While out watering my flowers, I was surprised to find a tiny Pacific Tree Frog sitting on a cluster of Hydrangea flowers, warming up under the morning sunshine! This little frog was no larger than my pinky nail. I normally see much larger frogs in my gardens, but I believe the absence of available insects has left these little frogs much smaller than normal this year. I don’t use pesticides in my yard, but in the past few years have noticed a great decline in over all insects in my yard. I have to wonder if the spraying of pesticides by the municipality to control Mosquitos in our area is killing more than just the Mosquitos!
The Pacific Tree Frog is a little frog that measures from 3-5 centimeters (1.2-2 inches) in length, with the males usually measuring smaller than the females. They can be found along the West Coast of British Columbia, Canada, as well as in the US from Washington,Oregon and all the way down to Northern California.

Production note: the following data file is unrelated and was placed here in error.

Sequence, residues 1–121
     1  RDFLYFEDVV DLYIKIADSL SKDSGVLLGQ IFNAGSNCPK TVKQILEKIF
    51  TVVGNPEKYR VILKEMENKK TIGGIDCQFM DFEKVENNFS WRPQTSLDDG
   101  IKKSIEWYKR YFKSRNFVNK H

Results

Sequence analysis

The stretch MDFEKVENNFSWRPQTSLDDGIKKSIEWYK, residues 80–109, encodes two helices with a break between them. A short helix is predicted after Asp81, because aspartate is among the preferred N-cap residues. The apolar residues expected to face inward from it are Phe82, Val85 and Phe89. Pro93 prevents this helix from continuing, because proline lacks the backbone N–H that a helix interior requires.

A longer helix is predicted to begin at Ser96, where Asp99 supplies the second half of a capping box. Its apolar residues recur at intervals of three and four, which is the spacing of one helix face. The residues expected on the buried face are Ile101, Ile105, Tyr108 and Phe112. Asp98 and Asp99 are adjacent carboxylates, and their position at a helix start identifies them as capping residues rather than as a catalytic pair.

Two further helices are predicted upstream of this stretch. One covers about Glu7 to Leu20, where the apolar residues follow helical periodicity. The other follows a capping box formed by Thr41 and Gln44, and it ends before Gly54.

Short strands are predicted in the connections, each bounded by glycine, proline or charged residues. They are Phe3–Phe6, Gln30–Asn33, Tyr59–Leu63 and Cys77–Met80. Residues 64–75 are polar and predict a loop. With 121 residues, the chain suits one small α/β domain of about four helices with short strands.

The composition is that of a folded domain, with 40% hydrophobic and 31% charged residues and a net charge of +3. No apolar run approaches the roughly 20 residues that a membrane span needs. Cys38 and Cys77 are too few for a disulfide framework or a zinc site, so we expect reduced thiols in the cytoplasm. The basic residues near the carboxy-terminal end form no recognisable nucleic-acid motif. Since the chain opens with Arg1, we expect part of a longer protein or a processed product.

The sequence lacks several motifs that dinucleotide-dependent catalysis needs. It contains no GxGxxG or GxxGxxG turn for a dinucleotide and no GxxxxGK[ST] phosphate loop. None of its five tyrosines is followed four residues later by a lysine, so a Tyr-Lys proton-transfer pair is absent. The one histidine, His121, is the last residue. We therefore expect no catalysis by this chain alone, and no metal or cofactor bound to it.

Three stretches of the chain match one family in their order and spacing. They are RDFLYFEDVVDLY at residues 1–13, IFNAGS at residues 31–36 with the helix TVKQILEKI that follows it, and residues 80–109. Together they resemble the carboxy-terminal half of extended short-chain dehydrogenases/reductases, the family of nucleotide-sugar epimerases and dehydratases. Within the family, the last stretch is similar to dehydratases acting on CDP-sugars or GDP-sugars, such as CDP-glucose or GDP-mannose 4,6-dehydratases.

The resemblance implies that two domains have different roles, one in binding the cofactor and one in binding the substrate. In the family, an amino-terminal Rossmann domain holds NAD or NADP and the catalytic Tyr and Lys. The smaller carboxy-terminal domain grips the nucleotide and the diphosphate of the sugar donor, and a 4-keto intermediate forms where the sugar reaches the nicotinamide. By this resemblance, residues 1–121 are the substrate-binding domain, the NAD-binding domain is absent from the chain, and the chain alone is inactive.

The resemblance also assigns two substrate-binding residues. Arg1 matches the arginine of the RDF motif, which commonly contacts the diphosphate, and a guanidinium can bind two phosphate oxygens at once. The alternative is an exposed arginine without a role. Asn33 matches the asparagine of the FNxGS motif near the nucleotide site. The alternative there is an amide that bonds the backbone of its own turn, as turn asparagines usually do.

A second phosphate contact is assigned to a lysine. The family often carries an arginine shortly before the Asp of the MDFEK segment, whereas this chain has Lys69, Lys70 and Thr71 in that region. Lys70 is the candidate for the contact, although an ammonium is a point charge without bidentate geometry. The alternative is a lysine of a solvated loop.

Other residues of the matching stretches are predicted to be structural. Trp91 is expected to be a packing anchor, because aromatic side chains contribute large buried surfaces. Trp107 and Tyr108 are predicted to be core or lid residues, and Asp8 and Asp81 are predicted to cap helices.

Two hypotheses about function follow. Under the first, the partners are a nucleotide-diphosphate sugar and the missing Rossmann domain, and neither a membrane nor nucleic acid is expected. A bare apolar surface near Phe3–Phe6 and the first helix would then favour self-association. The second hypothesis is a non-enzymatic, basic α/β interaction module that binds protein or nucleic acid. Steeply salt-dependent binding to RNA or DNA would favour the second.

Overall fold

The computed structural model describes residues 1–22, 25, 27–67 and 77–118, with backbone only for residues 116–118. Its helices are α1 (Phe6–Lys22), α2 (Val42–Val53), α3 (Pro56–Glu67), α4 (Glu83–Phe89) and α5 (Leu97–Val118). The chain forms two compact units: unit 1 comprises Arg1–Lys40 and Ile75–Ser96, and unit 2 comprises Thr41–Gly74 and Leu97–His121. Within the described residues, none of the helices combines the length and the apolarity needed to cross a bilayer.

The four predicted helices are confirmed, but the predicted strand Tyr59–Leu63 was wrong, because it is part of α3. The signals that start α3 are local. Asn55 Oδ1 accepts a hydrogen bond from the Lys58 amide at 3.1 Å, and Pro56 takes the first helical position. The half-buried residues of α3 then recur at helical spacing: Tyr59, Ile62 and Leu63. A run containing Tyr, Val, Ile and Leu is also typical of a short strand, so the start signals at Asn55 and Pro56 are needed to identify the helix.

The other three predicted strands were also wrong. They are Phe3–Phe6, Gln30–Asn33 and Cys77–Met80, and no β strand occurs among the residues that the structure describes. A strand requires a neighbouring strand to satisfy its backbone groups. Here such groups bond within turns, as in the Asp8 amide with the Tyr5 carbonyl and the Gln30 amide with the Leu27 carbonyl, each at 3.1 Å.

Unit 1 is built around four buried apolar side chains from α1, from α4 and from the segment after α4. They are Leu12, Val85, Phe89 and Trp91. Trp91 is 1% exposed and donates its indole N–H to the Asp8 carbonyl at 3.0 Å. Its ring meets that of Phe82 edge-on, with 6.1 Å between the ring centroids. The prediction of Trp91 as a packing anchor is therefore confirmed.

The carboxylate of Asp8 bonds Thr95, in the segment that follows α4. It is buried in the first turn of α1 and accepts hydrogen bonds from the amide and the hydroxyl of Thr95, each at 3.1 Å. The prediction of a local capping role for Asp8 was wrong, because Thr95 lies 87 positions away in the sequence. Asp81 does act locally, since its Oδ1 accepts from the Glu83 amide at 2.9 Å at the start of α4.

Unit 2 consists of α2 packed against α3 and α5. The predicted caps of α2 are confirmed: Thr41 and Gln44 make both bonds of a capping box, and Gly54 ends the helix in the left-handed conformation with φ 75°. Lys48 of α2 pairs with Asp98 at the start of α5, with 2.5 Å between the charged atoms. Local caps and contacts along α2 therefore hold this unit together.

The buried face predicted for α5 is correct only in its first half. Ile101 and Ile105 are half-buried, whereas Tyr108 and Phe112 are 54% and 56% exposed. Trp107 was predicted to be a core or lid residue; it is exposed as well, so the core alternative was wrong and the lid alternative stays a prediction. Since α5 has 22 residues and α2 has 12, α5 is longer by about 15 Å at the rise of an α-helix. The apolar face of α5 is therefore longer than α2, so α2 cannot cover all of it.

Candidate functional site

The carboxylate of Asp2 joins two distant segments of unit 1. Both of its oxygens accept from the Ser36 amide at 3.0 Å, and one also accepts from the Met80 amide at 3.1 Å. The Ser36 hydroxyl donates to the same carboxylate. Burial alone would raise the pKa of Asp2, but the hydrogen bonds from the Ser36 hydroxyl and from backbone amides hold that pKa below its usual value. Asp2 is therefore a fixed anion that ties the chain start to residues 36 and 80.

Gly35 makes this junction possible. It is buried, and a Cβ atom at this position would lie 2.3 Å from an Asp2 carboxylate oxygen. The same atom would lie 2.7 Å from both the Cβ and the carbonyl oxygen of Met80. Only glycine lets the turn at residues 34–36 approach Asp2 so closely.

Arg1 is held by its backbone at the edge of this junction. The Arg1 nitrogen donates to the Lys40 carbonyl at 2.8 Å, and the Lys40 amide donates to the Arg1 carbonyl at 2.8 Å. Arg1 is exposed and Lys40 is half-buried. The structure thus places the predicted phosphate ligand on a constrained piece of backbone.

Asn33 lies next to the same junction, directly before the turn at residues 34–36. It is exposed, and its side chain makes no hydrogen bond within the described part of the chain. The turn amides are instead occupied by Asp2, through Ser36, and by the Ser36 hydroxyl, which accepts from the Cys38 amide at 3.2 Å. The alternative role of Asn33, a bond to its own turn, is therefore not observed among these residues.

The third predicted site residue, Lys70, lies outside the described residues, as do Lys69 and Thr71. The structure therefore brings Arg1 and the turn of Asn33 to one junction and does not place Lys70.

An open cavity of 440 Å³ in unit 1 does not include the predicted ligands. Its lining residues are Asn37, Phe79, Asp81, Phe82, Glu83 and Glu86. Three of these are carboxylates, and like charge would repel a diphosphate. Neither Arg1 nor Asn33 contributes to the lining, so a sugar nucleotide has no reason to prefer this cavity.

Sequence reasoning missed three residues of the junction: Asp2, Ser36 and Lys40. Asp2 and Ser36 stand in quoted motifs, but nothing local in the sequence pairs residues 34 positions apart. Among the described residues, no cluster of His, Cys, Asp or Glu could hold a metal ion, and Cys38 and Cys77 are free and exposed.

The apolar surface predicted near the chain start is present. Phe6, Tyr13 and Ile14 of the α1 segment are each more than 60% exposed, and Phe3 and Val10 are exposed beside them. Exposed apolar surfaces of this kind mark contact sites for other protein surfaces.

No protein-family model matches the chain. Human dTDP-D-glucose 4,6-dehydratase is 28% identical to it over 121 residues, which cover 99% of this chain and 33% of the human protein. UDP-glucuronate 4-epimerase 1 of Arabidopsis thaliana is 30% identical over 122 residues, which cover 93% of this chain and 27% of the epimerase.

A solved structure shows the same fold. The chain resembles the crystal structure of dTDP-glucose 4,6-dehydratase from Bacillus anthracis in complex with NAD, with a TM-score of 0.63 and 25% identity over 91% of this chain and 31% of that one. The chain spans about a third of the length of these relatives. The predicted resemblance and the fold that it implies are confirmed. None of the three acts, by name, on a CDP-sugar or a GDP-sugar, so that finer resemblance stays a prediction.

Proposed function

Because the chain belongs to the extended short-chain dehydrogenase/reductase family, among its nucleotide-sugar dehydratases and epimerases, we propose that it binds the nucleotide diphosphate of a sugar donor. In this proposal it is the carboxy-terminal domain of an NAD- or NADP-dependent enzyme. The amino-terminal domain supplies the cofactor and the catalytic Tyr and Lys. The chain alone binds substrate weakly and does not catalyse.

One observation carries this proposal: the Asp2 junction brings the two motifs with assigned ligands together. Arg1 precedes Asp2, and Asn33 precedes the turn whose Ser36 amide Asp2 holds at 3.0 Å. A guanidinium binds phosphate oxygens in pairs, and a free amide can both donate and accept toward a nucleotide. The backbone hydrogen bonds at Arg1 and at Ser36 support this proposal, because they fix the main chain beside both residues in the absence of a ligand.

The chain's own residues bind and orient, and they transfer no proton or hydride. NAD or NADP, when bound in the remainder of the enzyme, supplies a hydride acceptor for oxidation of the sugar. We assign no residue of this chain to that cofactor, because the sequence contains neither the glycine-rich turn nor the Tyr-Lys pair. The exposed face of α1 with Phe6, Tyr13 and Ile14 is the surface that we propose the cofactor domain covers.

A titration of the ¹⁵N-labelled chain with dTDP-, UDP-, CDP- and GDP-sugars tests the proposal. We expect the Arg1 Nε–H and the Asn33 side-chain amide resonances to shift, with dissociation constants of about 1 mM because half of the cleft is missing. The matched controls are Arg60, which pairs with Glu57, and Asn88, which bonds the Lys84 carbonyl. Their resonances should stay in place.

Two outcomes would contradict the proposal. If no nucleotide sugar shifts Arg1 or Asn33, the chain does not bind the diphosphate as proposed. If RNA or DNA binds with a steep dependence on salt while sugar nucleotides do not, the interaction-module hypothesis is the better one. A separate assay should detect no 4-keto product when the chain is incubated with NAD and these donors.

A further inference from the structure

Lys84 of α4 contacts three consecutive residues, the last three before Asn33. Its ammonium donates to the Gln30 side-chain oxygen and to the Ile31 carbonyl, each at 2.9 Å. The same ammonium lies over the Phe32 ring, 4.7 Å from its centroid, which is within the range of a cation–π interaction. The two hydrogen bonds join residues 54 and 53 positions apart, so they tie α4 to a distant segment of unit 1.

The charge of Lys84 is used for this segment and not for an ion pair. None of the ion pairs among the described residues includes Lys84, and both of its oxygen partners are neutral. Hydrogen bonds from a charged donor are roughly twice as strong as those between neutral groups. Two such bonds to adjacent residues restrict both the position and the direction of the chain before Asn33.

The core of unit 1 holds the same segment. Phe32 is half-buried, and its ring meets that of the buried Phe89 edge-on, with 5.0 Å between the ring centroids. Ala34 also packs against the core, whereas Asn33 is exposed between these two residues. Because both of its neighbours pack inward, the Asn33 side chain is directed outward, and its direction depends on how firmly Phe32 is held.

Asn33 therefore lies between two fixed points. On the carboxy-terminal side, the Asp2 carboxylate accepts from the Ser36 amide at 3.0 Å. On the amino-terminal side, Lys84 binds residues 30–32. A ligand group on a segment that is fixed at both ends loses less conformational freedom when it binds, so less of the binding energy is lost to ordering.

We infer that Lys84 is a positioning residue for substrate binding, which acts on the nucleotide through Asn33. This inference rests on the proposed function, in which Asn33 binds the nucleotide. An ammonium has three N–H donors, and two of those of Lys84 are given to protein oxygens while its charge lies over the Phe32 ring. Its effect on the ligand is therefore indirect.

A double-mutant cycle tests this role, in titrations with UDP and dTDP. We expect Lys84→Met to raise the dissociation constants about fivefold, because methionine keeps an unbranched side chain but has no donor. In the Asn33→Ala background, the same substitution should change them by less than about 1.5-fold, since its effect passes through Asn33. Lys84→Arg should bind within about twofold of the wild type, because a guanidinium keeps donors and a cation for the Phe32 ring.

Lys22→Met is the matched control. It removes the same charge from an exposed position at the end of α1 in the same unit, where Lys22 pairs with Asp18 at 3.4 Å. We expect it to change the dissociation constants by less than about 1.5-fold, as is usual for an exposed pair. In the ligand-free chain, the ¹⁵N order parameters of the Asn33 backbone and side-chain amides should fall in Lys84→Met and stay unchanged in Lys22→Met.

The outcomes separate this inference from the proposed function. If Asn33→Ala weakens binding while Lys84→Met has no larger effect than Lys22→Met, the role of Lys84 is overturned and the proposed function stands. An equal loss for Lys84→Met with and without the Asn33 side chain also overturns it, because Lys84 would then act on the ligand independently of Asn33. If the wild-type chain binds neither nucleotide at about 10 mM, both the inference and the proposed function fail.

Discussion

One of the most interesting features of these frogs is their ability to change color from brown to green. They can also change from lighter to darker, shift from patterned markings to pure colors and vice versa, and even display combinations of colors, green/brown being the most frequent.
Taken on July 19/11 at 10:30am on south east Vancouver Island, B.C., Canada.
Camera, Canon 40D
Lens, Tamron 90 mm macro 1:1 f/2.8 lens, plus 1.4 X’s teleconverter attached, which = 126 mm
tripod, Manfrotto, including 498RC2 ballhead.
Taken at, 1/320’s at f/10, 126 mm, man wht bal, iso 500. Histogram adjustment, sharpened via lab mode, unsharpmask ( amount 30, radius 5, threshold 3). No cropping.